Family-school interventions are a well-established method for preventing and remediating behavior problems in at-risk youth, yet the mechanisms of change underlying their effectiveness are often overlooked or poorly understood. The Family Check-Up (FCU), a school-based, family-centered intervention, has been consistently associated with reductions in youth antisocial behavior, deviant peer group affiliation, and substance use. The purpose of this study was to explore proximal changes in student-level behavior that accounts for links between implementation of the FCU and changes in youth problem behavior. Data were drawn from a randomized controlled trial study of the efficacy of the FCU among 593 ethnically diverse middle school students followed longitudinally from 6th through 8th grades. Latent growth curve analyses revealed that random assignment to the FCU intervention condition was related to increased mean levels of students' self-regulation from 6th to 7th grades, which in turn reduced the risk for growth in antisocial behavior, involvement with deviant peers, and alcohol, tobacco, and marijuana use through the 8th grade. Overall, these findings highlight the robust implications of self-regulation as a proximal target for family-centered interventions.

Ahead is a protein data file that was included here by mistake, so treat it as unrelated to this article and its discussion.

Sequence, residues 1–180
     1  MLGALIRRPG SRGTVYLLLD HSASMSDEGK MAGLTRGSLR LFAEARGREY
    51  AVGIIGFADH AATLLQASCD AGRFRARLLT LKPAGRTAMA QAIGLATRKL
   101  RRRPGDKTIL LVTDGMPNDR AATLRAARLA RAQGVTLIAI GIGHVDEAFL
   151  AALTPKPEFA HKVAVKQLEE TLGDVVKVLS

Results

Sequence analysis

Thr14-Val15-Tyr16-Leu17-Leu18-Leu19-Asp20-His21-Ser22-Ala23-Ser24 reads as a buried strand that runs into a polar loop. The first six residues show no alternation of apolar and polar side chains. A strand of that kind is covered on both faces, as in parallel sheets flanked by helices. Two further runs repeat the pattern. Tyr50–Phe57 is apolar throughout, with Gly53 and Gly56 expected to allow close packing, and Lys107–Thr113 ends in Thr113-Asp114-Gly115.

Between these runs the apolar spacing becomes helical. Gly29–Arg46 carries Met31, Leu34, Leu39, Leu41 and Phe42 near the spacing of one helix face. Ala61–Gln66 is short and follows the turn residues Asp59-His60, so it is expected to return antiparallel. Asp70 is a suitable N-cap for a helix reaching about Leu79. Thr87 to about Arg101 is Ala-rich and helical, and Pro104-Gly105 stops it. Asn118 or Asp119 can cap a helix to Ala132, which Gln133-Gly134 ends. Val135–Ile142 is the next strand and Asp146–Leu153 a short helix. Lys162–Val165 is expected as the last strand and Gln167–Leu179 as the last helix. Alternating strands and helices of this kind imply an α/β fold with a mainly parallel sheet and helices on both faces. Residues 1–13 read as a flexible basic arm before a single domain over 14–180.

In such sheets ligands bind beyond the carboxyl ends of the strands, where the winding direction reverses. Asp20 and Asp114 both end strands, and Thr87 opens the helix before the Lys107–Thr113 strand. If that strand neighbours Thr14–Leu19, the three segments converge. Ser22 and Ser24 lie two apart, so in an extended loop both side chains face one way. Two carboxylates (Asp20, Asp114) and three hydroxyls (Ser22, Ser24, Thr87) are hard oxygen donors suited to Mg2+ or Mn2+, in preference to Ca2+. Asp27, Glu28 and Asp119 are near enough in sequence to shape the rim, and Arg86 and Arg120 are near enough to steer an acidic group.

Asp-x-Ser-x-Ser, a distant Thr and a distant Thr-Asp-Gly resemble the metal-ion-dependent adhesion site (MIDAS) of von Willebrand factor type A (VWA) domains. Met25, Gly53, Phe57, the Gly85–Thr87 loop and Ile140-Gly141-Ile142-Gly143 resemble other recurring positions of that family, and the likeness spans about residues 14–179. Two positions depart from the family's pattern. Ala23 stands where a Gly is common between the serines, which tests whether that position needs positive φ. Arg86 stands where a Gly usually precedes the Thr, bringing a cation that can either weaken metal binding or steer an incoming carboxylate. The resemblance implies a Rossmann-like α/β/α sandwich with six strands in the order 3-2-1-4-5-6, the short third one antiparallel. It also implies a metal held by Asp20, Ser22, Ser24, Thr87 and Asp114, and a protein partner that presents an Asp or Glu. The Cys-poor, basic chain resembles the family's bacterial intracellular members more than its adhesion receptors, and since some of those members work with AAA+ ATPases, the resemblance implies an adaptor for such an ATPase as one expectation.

All Science Journal Classification (ASJC) codes
- Developmental and Educational Psychology